However, along with this book, I would suggest spending some time looking at Kmom's Gestational Diabetes pages: http://www.plus-size-pregnancy.org/gd/gd_index.html
Looking at consumer-created sites on medicine, especially those that have a definite bias (Kmom is 'size-positive' which gives many people the creeps) is a chancy thing. However, size-positive or not, size-activist or not, if you're a person looking for information about the experience of having Gestational Diabetes, this is the best resource out there to read. Kmom has read the research papers, and she's very careful to explain what they say, and where and why she differs from them; she's also got lots of stories from other mothers who've had GD.
Though many medical professionals don't seem to feel there's any long-term stress associated with a Gestational Diabetes diagnosis and treatment, I have to say that I certainly was stressed by it. While I got some help and emotional support from sympathetic nurse-practitioners and diabetes instructors, I would recommend looking at Kmom's pages just to know you are not alone, and that things you're experiencing-- for instance, widely varying protocols for handling labor and delivery, the feelings of blame (overweight/obese women have a higher proportion of GD diagnoses, though there are certainly a significant proportion of GD diagnoses in slender women), and just general stress-- are not unique to you. Pairing that with this book may make you feel that you're taking a balanced view.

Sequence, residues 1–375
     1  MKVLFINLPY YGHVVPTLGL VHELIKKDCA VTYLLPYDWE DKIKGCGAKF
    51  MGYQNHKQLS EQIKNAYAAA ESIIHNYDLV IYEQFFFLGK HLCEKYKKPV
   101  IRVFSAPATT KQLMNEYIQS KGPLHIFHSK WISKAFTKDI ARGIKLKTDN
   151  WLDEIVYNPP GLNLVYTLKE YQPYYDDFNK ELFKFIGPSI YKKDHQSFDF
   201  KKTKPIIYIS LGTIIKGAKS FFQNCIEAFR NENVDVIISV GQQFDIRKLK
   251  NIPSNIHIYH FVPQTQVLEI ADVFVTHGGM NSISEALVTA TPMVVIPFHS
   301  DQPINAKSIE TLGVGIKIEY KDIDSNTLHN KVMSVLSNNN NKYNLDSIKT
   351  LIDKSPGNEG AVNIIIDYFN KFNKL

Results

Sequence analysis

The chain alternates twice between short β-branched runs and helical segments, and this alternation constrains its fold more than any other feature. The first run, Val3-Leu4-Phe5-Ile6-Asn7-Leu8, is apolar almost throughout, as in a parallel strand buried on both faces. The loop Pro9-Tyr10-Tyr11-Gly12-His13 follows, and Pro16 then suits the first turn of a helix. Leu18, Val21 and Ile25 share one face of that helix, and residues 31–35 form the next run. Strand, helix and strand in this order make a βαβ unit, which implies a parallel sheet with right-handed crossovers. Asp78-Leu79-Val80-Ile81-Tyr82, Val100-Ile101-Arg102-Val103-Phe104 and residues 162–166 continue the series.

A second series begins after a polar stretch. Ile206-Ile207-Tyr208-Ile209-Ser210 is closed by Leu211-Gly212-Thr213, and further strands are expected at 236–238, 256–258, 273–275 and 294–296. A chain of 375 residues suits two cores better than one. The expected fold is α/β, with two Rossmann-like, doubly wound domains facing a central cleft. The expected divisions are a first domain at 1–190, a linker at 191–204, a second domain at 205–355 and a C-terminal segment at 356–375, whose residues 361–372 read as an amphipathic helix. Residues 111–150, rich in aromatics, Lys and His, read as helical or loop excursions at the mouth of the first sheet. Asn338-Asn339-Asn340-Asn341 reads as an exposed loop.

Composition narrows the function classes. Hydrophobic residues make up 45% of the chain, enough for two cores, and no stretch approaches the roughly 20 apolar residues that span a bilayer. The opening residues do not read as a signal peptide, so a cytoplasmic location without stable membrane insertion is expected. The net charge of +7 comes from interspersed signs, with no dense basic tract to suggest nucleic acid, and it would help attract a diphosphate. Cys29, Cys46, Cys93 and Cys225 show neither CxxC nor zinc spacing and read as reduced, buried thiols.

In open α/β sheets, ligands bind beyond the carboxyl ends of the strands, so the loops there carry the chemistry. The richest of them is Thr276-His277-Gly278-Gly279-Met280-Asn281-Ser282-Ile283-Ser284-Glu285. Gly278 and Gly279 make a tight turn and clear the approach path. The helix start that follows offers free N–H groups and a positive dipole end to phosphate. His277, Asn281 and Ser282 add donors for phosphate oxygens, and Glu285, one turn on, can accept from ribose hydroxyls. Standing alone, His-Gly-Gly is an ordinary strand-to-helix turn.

On the other hand, if you read the food suggestions in books like What to Expect when You're Expecting
and/or What to eat when you're expecting
and would like some more food guidance, this is probably also a comforting place to start. I can't tell you much about the information here, except that it's based on the food exchange program (I'm no diet fan or dietician). Obviously paying close attention to a diabetes nutritionist with experience with GD is key.
In the current OB climate, it seems there's less support for doing your own research and reading around before following your doctor/hospital's dictates on what must be done. If that's what you feel comfortable with, that's fine. I believe that American Diabetes Association's Gestational Diabetes: What to Expect
actually will help you follow your doctor's guidelines. (Note: of special interest is the section on post-partum birth control; this book is the one resource that at least explains clearly *why* they want to talk to you about BC, because some methods of BC are considered less useful in patients who have a tendency toward diabetes mellitus II, which includes all women who have had gestational diabetes.)
If you're a maverick that is skeptical or even cynical about what OBs might say, you may want to get this book to get an idea of the general concensus; it's probably the best consumer resource on the topic, even though it's only 100 pages.
If you're just nervous and like to read up on what's going on in order to feel comfortable, this is DEFINITELY the book to go with; it's calm, relatively supportive, and reassuring, as well as having good information. You may actually want to spend the $10 to have a copy.